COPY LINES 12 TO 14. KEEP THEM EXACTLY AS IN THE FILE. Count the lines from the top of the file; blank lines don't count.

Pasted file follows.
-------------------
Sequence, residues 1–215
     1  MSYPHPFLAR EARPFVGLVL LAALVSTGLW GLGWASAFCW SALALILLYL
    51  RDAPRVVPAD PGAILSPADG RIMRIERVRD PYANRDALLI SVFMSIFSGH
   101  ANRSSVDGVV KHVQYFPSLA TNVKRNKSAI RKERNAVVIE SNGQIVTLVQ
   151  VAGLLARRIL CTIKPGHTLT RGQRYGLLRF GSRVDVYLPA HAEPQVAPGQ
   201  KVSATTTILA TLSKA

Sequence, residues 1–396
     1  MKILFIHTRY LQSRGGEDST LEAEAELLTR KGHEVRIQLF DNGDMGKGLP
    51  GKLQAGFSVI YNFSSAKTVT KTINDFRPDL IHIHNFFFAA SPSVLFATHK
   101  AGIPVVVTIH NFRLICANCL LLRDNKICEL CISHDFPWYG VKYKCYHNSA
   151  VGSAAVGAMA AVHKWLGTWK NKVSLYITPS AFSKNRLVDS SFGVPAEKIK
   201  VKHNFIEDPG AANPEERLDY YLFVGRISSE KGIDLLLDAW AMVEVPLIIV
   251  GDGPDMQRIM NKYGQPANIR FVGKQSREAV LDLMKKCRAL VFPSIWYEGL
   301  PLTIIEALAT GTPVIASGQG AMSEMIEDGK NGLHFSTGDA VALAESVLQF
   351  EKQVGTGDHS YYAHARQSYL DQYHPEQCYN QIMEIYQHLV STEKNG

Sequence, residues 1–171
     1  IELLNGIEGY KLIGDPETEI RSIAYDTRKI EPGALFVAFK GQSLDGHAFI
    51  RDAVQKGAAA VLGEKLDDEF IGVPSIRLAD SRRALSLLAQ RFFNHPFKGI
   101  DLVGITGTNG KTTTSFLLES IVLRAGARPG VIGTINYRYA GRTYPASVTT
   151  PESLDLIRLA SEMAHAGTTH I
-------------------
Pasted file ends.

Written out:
   201  VKHNFIEDPG AANPEERLDY YLFVGRISSE KGIDLLLDAW AMVEVPLIIV
   251  GDGPDMQRIM NKYGQPANIR FVGKQSREAV LDLMKKCRAL VFPSIWYEGL
   301  PLTIIEALAT GTPVIASGQG AMSEMIEDGK NGLHFSTGDA VALAESVLQF